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Hurricane Rita

Information for anyone who wants it.

Houston Chronicle Hurricane Rita coverage
Wikipedia’s Hurricane Rita info
ABC13 KTRK’s live continuous coverage
KHOU’s live feed
Donate money to relief efforts now
High Resolution photos
Weather Underground Expert Dr. Jeff Masters’ Blog
wunderground.org’s Steve Gregory’s blog
Rita’s tracking path since its formation (via Google maps)

9/23 7:45am – Having talked to a lot of friends from the Houston/Beaumont areas, this whole ordeal seems to have caught the Golden Triangle area off guard. It seems that most of the residents of the Beaumont, Port Arthur decided to leave yesterday morning/afternoon. And what’s more amazing is how fast traffic built up in a matter of hours.

In Beaumont, almost no one was leaving on Wednesday. They weren’t all that worried about going because all the forecasts were stating that it was heading more towards the south Texas coast. Then, as time passed and shifts in the path towards the north northwest, the panic began. A friend of mine who lives in the small town of Groves, Texas, which is in Jefferson county, left his house at 6am on Thursday morning. He made it to Arkansas in about 7-8 hours. His parents, who had to wait for his dad to finish work, left at 9am. In the next 8 hours, they had only made it to Lamar University, or about 15 miles. That’s right, 15 miles in eight hours! Absolutely amazing and only in a difference of 3 hours!

Because this hurricane’s projected track is headed really close to Groves and Beaumont, there’s a really good chance that my childhood home will be completely flooded and covered in water. I keep in touch with approximately 3-5 people in the Golden Triangle area, and they might not even have a home to return to in a couple of days.

9/23 1:50pm – If you are from the Houston area or have lived in the area, you might be interested in a blog called Stormwatchers supported by the Houston Chronicle. It is area residents who are blogging from around the city, taking photos and posting updates about their respective home areas. If the hurricane hits closer to the Beaumont area and there is a blogger out there like there was in New Orleans, I think that blog would be more interesting and I’ll most certainly link to one if it’s remotely interesting.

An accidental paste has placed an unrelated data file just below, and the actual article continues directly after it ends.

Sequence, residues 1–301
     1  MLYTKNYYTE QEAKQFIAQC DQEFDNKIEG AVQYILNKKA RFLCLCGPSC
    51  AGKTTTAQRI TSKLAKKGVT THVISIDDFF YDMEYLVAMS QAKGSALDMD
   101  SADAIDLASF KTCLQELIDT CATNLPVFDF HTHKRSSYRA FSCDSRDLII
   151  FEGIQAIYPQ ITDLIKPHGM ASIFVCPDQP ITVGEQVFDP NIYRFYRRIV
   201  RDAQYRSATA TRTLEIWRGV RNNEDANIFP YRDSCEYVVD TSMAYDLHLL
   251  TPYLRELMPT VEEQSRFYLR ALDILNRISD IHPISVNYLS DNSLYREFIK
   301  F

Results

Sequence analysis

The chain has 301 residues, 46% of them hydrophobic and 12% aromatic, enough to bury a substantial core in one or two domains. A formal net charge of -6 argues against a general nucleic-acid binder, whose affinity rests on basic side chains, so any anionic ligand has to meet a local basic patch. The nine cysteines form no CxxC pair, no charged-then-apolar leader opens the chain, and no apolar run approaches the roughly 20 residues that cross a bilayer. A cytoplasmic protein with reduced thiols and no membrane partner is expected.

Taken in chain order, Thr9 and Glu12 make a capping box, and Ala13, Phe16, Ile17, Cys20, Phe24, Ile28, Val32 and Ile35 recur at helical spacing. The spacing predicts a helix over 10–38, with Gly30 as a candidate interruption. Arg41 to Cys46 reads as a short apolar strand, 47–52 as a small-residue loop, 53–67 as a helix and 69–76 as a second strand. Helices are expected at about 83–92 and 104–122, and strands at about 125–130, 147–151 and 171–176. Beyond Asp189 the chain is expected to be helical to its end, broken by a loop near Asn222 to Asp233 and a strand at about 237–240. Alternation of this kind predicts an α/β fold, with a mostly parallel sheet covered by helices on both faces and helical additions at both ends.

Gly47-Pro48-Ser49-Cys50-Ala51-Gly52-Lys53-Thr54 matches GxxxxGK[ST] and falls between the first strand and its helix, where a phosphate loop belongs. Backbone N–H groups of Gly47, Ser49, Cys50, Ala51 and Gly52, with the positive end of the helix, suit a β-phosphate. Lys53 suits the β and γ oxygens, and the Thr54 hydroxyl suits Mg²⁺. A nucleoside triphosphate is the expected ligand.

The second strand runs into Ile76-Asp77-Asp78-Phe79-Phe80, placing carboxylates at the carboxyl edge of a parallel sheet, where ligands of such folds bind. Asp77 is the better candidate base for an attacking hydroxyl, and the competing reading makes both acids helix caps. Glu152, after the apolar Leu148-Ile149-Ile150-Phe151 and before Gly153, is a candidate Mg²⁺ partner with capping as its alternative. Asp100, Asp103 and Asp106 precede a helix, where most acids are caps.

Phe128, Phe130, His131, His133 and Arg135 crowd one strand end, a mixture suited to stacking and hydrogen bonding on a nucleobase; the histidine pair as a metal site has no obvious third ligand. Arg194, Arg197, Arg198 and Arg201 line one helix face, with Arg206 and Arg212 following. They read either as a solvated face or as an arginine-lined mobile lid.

9/23 11:25pm – One of the most amazing things about being away from Texas is that I can still feel like I’m home almost 1500 miles away because of the Internet. I have the choice of watching any of the three major new stations in Houston, two of which I linked to above. I have watched those newcasters since I moved to Houston many years ago, so seeing their familiar faces is somewhat comforting.

As I write this, the north part of the eye of the hurricane has made it to land now and will probably hit Port Arthur and Groves in the next hour. It’s so weird to think that this could completely tear up those cities. In 1986, I slept through my one and only hurricane, Hurricane Bonnie. It was a category 1 but I was so young and probably so tired that none of the noise was loud enough to wake me up. When we woke up, I can remember going outside and seeing branches all over the place. One of the first things we did was get in the car to go look around the town and see what we could because I think this was the first hurricane that all of us went through.

I don’t really keep up with many hurricanes since most of them aren’t as personal as this one, but this might well be the most covered and anticipated hurricane that’s ever struck the US. With the dump and ravage that Hurricane Katrina put New Orleans through, Hurricane Rita’s potential to be one of the worst hurricanes ever kept all of the media obsessed with tracking every little step, every little change. I’ve seen more and more blogs dedicated to this hurricane from different experts and people who have stayed behind.

For those who left, many of which went north to north Texas, Dallas, Ft. Worth, Texarkana, Lufkin, Oklahoma and Arkansas, there’s a really good chance that it’ll be at least Tuesday or Wednesday before they are able to make it back. Not only will there be an enormous amount of rain between now and Tuesday, but the traffic is going to be absolutely attrocious. When you are in rush hour in your own city, you’re probably sitting with thousands of other people with thousands of cars. Imaging waiting with not thousands but 10s of thousands and millions of people trying to go to the same place. Makes me appreciate not being in Houston

. . . Wait a minute, I’m in LA . . . d’oh!

Once I get them, I will definitely post some photos. I know the fire chief of Port Neches and he’s currently stationed at Lumberton High School so as soon as I hear from his son and hopefully they take photos, I’ll post whatever they have if any at all.

I see that I’ve gotten more and more traffic from google and other search engines because of Groves and Hurricane Rita. If I get any photos or know of a good place to go see some, I’ll link ’em. Sorry if you came here looking for extensive coverage of the city of Groves!

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